Prayer and fasting are hard work; they require much effort and diligence. But modern Christianity all too often does not consist of struggle, hard work and diligent effort. Rather, it teaches an easy, feel-good, cheap religiosity of recent creation. It is a belief in a salvation without struggle or sacrifice; a salvation without holiness or righteousness. It is a belief that one can be secular all week, except the time allotted for church on Sunday morning. It is a belief in an easy “cheap”grace without any cost.
Sergius Nilus, in 1831, wrote the following introduction to a book of the notes of a meeting between Nicholas Motovilov and Saint Seraphim: “people have forgotten the fundamental truths of Christian life and are immersed in the darkness of materialism or the exterior and routine performance of ‘ascetic labors…’”—in secularism and false spirituality.
This is not the Gospel of Jesus Christ, nor the teaching of the Holy Fathers of the Church. Nor is this your personal life experience. You have not succeeded or excelled at anything without hard work, effort and struggle. If you are an athlete, you did not reach your level of excellence, without considerable and diligent effort and work. If you are a professional, you did not reach your level of expertise without much diligent effort and work. So too is the Orthodox Way of Life —the way of Him who is Life, Jesus Christ our Lord.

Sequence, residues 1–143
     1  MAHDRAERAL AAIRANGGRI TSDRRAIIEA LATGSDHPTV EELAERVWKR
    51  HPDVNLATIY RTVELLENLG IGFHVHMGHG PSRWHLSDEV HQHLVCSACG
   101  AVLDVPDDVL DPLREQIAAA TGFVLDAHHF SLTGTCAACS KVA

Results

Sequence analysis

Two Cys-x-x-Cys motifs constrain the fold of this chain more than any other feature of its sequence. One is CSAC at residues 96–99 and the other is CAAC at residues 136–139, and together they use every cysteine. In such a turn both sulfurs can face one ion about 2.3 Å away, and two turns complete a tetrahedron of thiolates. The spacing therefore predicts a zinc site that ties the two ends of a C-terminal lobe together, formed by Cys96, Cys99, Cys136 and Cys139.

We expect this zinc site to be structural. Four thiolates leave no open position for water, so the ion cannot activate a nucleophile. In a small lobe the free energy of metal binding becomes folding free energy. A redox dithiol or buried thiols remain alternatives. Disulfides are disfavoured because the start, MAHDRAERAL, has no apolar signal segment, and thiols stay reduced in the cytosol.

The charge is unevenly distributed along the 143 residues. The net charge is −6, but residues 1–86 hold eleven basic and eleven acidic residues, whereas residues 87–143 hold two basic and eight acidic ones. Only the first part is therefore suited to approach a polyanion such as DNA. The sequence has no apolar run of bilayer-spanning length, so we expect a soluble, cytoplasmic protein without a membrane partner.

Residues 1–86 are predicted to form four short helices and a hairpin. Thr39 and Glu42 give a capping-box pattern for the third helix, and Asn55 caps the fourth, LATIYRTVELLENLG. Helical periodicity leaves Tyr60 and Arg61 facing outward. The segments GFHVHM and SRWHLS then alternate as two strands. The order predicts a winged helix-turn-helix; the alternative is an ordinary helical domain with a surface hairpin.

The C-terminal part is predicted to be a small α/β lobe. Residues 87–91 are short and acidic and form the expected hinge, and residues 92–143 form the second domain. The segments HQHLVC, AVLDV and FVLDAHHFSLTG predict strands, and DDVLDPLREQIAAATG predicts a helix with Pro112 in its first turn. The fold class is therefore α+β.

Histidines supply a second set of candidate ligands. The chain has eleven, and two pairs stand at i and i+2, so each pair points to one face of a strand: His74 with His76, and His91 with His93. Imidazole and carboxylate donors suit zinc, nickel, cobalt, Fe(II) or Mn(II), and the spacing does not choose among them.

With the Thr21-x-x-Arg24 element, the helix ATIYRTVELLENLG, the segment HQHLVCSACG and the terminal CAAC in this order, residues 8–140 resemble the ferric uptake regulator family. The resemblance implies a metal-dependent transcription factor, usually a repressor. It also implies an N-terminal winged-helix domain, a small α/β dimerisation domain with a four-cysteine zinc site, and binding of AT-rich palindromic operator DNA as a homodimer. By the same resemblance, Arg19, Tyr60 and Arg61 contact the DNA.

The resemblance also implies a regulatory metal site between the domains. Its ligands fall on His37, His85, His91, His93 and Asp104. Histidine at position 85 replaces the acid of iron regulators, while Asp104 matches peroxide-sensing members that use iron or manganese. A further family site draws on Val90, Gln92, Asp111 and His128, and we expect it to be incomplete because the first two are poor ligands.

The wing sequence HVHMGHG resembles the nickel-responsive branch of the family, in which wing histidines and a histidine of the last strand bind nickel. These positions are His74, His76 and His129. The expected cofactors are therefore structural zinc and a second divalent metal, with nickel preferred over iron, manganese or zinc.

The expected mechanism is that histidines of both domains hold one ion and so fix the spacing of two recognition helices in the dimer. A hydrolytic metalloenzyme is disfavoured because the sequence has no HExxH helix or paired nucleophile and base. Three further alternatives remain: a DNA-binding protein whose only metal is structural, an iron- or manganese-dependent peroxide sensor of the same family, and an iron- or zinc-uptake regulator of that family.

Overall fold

The Orthodox Christian way of life is a continuous struggle toward His righteousness and His holiness! Therefore, as St. Paul wrote (Eph. 5.17): “Do not be unwise, but understand what the will of the Lord is.”But, (Col .3.1-5) “If ye then be risen with Christ, seek those things which are above, where Christ sitteth on the right hand of God. Set your affection on things above, not on things on the earth. For ye are dead, and your life is hid with Christ in God. […] Mortify therefore your members which are upon the earth; fornication, uncleanness, inordinate affection, evil concupiscence, and covetousness, which is idolatry…”
Bothers and sister in Christ Jesus, the Scriptures and Holy Fathers tell us that we are to “be holy, [because He is] holy”(Lev 11: 45; 1 Pet 1.16).
The spiritual tools to aid us in growth unto His holiness and righteousness are prayer and fasting. There is no communion with God without prayer; there is no over-coming of our passions without fasting —not just from certain foods but from our uncontrolled passions —our demons.
St. Theophan the Recluse wrote that “Where there is no prayer and fasting, there are the demons.” The demons, our passions, are cast out only by prayer and fasting.
Therefore, be strong in the Lord and pray without ceasing and fast.
O God, empty me of self, and make Thine abode in me! Amen.